Now, all this celebration isn’t wrong. But if that’s all that Christmas means to us, we are missing its true significance. The real meaning of this special day is summed up in the words of the angel to the shepherds on that night long ago: “I bring you good tiding of great joy which will be to all people. For there is born to you this day in the city of David a Savior, who is Christ the Lord (Luke 2:10-11). – Richard De Haan

One day has left its mark in time

For all mankind to see;

It is the day when Christ was born –

That day made history. – D. De Haan

Don’t celebrate Christmas without the Guest of honor.

  • December 10, Vol. 12B, Our Daily Bread

What Shall I Give You? (1 Kings 3:5)

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I’ve been told that three-wish stories” occur in almost every culture, all following a similar theme. A benefactor appears and offers to grant three wishes to an unsuspecting beneficiary. The fact that the stories so often occur suggests we all want something we cannot get on our own.

There’s even a “wish story” in the Bible. It happened one night when the Lord appeared to Solomon in a dream and said to him, “Ask! What shall I give you? (1 Kings 3:5). Solomon could have asked for anything – riches, honor, fame, or power. But he asked for none of these things. He requested “an understanding heart” (v. 9), or a “hearing heart,” a humble heart to listen and learn from God’s Word. The young, inexperienced king, weighed down with the responsibilities of ruling a vast nation, needed the Lord’s wisdom to govern well.

Am I that wise? If God spoke to me directly and asked what He could do for me, what would I ask for? Would I ask for health, wealth, youth, power, or prestige? Or would I ask for wisdom, holiness, and love? Would I be wise or foolish?

Suppose God asked you what He could give to you. What would you ask for? – David Roper

True wisdom is in leaning

On Jesus Christ, our Lord;

True wisdom is in trusting

His own life-giving Word. – Anon.

God’s wisdom is given to those who humbly ask Him for it.

  • December 9, Vol. 19, Our Daily Bread

Refuse Idolatry (Exodus 20:4)

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Years ago, Life magazine carried on its cover an artist’s rendering of God as an old man with long white hair and stern facial features. Charles Hodge said, “Idolatry consists not only in the worship of false gods, but also in the worship of the true God by images.”

Any visual portrayal of deity can be dangerous. No created thing can convey God’s true and complete character. That’s why God commanded Israel not to make any image or likeness of anything in heaven or on earth as an object of worship. Such images dishonor God because they distort His glory, and this can lead to sin.

Theologian J. I. Packer suggests that the people of Israel intended to worship Jehovah when Aaron made the golden calf. He says they were using the bull-image as a reminder of God’s great might in delivering them from Egypt. But strength is just one aspect of His character. The calf showed nothing of His holiness. Thus, the people turned the “feast to the Lord” into a wild, sensual party (Exodus 32:5-8).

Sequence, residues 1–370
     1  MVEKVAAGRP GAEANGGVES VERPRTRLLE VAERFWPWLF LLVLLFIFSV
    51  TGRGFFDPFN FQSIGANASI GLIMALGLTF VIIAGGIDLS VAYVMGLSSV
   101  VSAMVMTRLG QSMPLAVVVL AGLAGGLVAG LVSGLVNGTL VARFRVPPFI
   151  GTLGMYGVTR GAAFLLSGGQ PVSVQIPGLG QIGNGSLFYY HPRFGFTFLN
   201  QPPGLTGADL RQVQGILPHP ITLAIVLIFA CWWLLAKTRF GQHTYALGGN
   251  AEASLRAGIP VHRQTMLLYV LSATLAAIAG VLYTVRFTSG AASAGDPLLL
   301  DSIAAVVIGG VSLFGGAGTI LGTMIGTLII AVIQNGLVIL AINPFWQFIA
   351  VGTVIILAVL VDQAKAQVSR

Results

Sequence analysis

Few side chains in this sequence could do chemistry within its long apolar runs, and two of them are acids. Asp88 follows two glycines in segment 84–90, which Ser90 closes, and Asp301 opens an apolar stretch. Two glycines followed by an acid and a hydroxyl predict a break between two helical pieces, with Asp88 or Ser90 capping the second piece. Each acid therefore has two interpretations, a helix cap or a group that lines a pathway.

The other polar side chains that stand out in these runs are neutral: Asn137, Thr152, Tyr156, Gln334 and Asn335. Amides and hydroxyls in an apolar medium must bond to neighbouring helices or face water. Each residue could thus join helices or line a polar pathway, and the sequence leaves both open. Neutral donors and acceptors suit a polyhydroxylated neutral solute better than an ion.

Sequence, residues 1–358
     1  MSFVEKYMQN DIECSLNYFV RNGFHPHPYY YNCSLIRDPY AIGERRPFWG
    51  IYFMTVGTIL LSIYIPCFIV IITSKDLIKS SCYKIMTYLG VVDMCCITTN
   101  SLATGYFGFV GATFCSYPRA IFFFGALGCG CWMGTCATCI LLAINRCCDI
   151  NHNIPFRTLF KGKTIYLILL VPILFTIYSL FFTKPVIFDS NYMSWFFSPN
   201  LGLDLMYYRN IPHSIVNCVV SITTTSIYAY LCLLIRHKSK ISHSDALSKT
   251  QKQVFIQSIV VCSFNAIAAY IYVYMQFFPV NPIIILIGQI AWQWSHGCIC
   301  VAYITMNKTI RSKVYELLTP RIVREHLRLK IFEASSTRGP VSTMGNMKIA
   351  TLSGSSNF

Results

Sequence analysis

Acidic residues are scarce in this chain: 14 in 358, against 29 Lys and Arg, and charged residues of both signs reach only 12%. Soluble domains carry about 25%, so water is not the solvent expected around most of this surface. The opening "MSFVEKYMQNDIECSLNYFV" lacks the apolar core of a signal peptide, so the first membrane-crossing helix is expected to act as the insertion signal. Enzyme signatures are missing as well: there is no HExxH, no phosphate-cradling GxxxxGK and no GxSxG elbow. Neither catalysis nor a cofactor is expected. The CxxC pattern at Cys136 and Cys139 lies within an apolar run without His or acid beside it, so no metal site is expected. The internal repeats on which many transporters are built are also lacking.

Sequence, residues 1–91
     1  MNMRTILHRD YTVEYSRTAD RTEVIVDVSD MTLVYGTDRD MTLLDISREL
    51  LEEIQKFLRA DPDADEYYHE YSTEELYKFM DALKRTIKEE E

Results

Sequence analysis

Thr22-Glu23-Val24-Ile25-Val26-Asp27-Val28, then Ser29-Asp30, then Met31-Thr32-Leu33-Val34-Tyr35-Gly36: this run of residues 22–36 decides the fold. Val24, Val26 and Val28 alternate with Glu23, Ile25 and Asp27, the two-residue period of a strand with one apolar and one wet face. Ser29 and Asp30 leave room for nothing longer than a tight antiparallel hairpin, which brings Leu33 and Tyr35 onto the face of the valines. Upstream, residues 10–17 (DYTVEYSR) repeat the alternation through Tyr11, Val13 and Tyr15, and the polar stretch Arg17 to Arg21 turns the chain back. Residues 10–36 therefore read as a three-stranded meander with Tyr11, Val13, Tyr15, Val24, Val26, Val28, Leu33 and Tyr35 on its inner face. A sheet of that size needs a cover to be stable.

To worship an image or picture of any Person of the Trinity is idolatry and veils God’s glory. It leads us astray. “God is Spirit, and those who worship Him must worship in spirit and truth” (John 4:24). – Dennis J. De Haan

Great Father of glory, pure Father of light,

Thine angels adore Thee, all veiling their sight;

All praise we would render – O help us to see

‘Tis only the splendor of light hideth Thee! – Smith

God made us in His image but we cannot make Him in ours.

  • September 12, 1994, Our Daily Bread

How to be Sure of Heaven

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In a world of deceit and disillusionment, there is one thing of which you can be absolutely certain a confirmed reservation in heaven. Here’s how to be sure:

ADMIT your sin to God and recognize your inability to save yourself.

  • For all have sinned and fall short of the glory of God (Romans 3:23).
  • Not by works of righteousness which we have done, but according to His mercy He saved us (Titus 3:5).

BELIEVE that God loves you and Christ died in your place.

  • For God so loved the world that He gave His only begotten Son, that whoever believes in Him should not perish but have everlasting life (John 3:16)
  • Christ also suffered once for sins, the just for the unjust, that He might bring us to God (1 Peter 3:18).

CALL on the Lord Jesus to save you, and receive Him as your personal Savior.

  • For whoever call upon the name of the Lord shall be saved (Romans 10:13).
  • As many as received Him, to them He gave the right to be become children of God, even to those who believe in His name (John 1:12).

If you sincerely acknowledged your need of salvation and put your trust in Christ, you can be sure of heaven. With your future in heaven secure, you can now make the most of your time on earth. Declare your faith to others and nurture your new life through prayer and Bible reading. As you do, you will experience the joy of living for your Savior, Jesus Christ. – Clair Hess

  • Our Daily Bread, Vol. 1